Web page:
What Is An Inventory?
Do you own a home business or a new small business and find it hard to keep track of everything? If so, you may need a more efficient inventory system. A tracking sheet shows you how many items are currently available. When you use inventory sheets to track orders and sale rates for each item, you can determine which ones sell better. In turn, you know which items to order more of in the future or which ones to discontinue.
Tips For Making An Inventory
The key idea is to make the document as useful as possible for yourself. If you appointed someone else to handle ordering and supply monitoring, you should meet with that individual to create a format that is useful to both of you. These are some helpful tips from experienced professionals for designing your own inventory document:
- If some of your items are similar in appearance, leave room for detailed descriptions to minimize errors.
- Be sure to include beginning and ending quantities to match against original orders.
- If you have an extensive product base, use product categories for optimal organization.
- For layouts that require counting items by hand, include a checkbox to indicate that each category was counted twice.
- If multiple people count goods or access your supply documents, include spaces for employees to initial or sign.
- If multiple employees conduct counts or use the document, include important instructions or warnings below the chart or list.
How To Make A Good Inventory Record
When the design is finished, it should be a polished template that you can print each week, month, quarter or however often you need it. Although many people keep their records online or use spreadsheets to track purchases and supplies, keeping a paper record is also important. This is especially true if you have a warehouse of products that must be counted by hand periodically. These steps will help you make the right type of document for your needs.
1. Start with a draft. Write down everything you need to know when tracking your own merchandise and supplies. If other people will use the sheet, what will they need to learn from it? Collaborate with those individuals to ensure that the list is as comprehensive as necessary. You may need to modify the final document several times after your initial printing.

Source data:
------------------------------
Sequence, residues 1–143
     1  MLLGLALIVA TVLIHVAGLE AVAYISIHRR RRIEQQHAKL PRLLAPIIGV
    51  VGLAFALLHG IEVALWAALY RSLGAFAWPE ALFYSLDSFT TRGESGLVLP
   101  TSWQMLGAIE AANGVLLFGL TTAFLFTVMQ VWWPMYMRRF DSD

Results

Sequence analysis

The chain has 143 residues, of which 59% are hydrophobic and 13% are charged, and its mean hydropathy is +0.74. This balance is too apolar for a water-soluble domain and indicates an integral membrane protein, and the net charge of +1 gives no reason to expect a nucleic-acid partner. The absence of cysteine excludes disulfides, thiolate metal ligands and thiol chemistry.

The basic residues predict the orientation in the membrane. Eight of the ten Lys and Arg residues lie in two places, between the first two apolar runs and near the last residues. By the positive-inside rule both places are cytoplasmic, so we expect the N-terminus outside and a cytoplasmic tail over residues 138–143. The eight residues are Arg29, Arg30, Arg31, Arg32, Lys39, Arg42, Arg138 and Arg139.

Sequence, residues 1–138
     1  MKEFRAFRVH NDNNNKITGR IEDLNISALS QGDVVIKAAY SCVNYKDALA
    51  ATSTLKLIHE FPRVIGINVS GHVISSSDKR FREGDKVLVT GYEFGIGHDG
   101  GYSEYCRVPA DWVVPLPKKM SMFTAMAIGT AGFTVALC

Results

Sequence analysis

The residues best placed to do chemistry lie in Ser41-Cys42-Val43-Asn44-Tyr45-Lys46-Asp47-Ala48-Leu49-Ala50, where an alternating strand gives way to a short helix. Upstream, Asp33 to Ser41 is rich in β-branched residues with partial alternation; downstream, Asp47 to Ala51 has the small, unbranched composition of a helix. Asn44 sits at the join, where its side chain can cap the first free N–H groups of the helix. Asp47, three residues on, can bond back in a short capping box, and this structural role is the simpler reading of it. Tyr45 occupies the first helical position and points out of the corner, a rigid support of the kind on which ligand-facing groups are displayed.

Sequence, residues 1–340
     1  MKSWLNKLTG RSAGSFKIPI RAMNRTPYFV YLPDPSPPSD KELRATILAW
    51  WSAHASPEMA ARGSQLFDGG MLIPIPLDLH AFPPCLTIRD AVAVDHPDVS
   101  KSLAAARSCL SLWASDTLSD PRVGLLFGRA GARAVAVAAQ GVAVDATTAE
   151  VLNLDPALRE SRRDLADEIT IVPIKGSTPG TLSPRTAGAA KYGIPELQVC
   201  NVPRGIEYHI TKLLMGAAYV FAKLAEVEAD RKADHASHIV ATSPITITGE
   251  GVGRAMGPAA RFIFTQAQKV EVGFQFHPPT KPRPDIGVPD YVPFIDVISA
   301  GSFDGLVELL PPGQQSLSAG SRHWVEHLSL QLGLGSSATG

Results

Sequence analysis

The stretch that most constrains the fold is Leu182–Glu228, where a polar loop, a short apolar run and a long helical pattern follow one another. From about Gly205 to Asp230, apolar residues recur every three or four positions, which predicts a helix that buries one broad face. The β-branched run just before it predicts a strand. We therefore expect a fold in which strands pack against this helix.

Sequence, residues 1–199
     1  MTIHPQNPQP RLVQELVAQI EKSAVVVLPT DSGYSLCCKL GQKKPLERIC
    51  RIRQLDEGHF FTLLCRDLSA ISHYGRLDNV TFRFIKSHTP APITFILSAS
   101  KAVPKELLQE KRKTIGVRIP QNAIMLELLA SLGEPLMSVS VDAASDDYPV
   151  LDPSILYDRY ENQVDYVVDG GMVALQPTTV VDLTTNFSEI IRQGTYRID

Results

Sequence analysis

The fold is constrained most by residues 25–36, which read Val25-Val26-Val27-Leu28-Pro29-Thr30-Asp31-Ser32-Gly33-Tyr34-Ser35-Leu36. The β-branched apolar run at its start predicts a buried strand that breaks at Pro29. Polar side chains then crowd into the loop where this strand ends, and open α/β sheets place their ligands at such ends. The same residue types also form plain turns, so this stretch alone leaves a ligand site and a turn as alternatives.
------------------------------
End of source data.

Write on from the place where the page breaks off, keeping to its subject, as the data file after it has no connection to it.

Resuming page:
2. Run a preliminary test. One way to ensure that your first printed document will be as useful as possible is to conduct inventory counting as you normally would with the new list. For example, if you are using it to count merchandise in your storeroom, do an unofficial count. If there is anything missing from the sheet that would make your job easier, you can add it before you use the document for actual counting and data entry.
3. Make department-specific boxes when necessary. If you have a smaller storeroom or supply closet, a simple list format will usually suffice. However, if multiple people are responsible for counting all of your merchandise and supplies, the list is cleaner and easier to use if you divide it into department categories. For example, imagine that you own a company with a large warehouse. You have eight departments in the warehouse, and each one has a section where it stores manufactured items and supplies. In this instance, you could have each department conduct its own counting on a master list.
4. Provide room for adequate descriptions. For office supplies or merchandise, detailed descriptions are a must. If your company manufactures and sells plastic eating utensils in a wide variety of colors, you may want to know how many royal blue fork packages were sold last month to see if you should keep manufacturing that color. If your employee who is in charge of counting included navy, royal and light blue fork packages in the same count, you will have no way of knowing unless there are production and sales records. Be sure that anyone counting supplies and merchandise knows how to use descriptive terms properly.
5. Use colored rows for long lists. If you record more than about 10 items on any counting list, make the rows for quantity in, quantity out and quantity on hand separate colors. This helps reduce column errors when you or someone else is conducting a count. When you combine this technique with dividing the list into categories, you also reduce row errors.
6. Include pricing information. This is optional and may not be ideal for your situation if you have a separate cost analysis system in place. It is better for tracking supplies or merchandise in a small business or home business. When you buy supplies and track them, you only need to enter how much the supplies cost. For any products that you make or stock to sell, enter the cost to buy them and their sale price. If you offer discounts or other promotions, use a separate cost analysis instead of relying on your inventory record for sales and purchase prices.
The previous tips and steps should help you set up the framework of your document. With the following examples, you will know what components should be on a basic list and what to include on a thorough counting sheet. You can adjust it as necessary to add other fields that are helpful to you.
Date of count
Name of person conducting count
Name of merchandise or supply
Thorough description of product
Cost of supply
Cost of buying merchandise
Sale price of merchandise
Count date: March 1, 2017
Counted by: Jon Doe, Manager
For period: February 1 – February 28
Purple, musk scent
Yellow, fresh scent
Blue, fresh scent